The Leisure and Cultural Services Department (LCSD) came under fire for urging schoolchildren to plant and grow a potentially poisonous flower as part of a program to promote a “green culture” among students.
For the schoolyear 2015-1016, the department has chosen Catharanthus roseus, commonly known as periwinkle, as the theme flower for its “One Person, One Flower” scheme.
Under the program, schoolchildren are supposed to cultivate the chosen flower at home with the help of their parents.
But at least one school, Pods Kindergarten in North Point, has raised concerns over the choice of the flower, saying it could lead to poisoning when ingested, sniffed or handled, Apple Daily reported on Friday.
In a circular, Pods told parents to consider not joining the activity, or if they choose to participate, to exercise great caution in handling the plant.
Parents and their children should wear gloves when planting or tending periwinkles and wash their hands thoroughly afterwards.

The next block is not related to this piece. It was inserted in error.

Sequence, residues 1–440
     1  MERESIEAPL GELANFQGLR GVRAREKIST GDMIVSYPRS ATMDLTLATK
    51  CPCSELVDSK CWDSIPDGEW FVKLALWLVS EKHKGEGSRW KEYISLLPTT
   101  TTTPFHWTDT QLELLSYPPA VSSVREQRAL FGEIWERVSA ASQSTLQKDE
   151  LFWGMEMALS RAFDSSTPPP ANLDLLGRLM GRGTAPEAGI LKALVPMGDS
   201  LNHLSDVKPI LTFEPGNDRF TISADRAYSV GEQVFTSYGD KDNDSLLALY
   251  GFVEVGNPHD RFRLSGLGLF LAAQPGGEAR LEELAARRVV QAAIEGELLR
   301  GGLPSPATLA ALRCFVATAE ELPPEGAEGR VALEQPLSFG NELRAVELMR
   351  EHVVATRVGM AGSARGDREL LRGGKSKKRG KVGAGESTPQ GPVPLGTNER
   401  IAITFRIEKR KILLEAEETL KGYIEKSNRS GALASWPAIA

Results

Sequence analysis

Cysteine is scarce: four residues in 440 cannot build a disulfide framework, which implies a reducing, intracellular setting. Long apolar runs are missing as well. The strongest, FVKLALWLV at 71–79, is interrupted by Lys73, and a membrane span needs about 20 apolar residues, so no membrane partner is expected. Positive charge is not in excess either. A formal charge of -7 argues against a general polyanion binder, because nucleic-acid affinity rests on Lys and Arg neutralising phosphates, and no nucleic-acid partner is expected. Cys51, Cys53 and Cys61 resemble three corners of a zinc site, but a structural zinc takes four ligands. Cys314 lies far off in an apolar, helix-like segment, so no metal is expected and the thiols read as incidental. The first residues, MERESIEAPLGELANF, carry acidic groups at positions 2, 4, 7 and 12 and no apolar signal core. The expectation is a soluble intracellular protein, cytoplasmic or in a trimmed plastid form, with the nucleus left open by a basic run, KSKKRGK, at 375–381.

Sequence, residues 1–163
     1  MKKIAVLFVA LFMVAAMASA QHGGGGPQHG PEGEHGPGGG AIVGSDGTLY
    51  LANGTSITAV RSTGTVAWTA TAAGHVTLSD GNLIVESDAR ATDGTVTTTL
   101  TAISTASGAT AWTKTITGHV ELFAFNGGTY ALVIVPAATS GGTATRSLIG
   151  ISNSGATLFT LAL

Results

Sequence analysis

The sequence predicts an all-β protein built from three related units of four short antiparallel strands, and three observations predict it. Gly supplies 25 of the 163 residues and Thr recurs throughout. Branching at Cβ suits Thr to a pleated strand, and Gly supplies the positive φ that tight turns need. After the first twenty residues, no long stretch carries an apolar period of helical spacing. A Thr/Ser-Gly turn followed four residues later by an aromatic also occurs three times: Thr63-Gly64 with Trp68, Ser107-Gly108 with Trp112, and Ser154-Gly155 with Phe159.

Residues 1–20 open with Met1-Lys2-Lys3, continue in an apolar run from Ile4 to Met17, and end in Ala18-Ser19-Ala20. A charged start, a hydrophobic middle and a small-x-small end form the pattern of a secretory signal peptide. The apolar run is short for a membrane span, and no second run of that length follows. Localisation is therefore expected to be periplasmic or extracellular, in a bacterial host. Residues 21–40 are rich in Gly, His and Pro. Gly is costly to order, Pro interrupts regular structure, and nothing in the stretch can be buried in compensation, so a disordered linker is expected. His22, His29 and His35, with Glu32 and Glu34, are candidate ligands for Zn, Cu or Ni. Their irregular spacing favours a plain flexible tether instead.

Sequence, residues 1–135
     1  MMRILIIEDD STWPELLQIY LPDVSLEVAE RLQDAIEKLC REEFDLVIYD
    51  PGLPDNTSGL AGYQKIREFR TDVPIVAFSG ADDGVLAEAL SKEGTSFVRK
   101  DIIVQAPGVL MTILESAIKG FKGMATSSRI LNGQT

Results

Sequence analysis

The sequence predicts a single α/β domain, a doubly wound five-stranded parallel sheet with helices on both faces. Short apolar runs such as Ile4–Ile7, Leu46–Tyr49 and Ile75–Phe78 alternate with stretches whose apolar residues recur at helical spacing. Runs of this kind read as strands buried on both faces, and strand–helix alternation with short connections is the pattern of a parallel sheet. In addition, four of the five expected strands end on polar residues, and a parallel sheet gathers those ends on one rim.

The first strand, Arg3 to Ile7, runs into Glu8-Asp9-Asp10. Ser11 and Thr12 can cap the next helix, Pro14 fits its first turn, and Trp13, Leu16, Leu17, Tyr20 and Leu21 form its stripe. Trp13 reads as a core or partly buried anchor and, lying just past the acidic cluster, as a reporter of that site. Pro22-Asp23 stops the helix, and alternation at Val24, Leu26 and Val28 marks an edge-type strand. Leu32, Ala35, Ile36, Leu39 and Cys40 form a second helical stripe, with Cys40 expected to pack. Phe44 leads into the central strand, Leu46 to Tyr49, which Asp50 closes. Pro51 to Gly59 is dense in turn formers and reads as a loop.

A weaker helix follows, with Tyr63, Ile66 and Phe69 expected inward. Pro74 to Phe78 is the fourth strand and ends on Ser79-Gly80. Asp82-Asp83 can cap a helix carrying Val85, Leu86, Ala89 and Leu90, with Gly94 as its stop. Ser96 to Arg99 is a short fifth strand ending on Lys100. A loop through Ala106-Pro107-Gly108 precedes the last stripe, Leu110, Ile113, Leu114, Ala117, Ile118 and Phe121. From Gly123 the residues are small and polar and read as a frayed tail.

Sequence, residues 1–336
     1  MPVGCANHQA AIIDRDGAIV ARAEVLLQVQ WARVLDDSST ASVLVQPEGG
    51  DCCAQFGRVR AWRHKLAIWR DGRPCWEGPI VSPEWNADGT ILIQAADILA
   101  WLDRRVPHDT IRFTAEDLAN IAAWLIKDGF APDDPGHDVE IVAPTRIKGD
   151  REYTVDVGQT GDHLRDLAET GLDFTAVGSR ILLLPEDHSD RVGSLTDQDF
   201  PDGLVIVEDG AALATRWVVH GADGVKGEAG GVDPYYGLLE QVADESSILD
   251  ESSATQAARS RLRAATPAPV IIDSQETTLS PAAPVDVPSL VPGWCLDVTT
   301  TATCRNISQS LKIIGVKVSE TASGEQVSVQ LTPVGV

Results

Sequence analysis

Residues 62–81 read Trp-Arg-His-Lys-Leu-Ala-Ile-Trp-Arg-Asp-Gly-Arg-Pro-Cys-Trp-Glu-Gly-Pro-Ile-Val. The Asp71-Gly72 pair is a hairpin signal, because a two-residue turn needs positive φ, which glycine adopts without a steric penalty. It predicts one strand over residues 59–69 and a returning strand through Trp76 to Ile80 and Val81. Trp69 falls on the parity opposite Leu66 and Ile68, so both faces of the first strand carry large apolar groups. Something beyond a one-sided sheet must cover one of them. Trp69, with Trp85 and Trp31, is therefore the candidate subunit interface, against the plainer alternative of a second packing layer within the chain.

The LCSD has given out instructions and precautions on how to handle the plant in its promotional materials.
But parents said the department should not even have chosen the flower for the program in the first place because of the potential harm that it could cause to participating parents and schoolchildren.
They urged the LCSD to cancel the program, or choose another theme flower for the scheme.
The department has yet to comment on the issue.
Dr. Tse Man-li, consultant at the Hong Kong Poison Information Centre under the Hospital Authority, said periwinkle is not a highly dangerous plant as its toxicity is far less than that of other species of plants from the Apocynaceae (Dogbane) family.
As long as it is not consumed, it wouldn’t lead to poisoning in humans, Tse said.
However, he said no one could rule out the possibility that kindergarten children might ingest the plant, although so far he hasn’t heard of any case of periwinkle poisoning due to ingestion.
Tse confirmed that periwinkle, like other species in the Apocynaceae family, can cause allergies.
Some people have shown red and swollen skin after coming into contact with the milky latex flowing from a broken stem of the plant, he said.
The “One Person, One Flower” scheme is open to all registered kindergartens as well as primary, secondary and special schools.
The program aims to cultivate the interest of students in growing plants and raise their community awareness.
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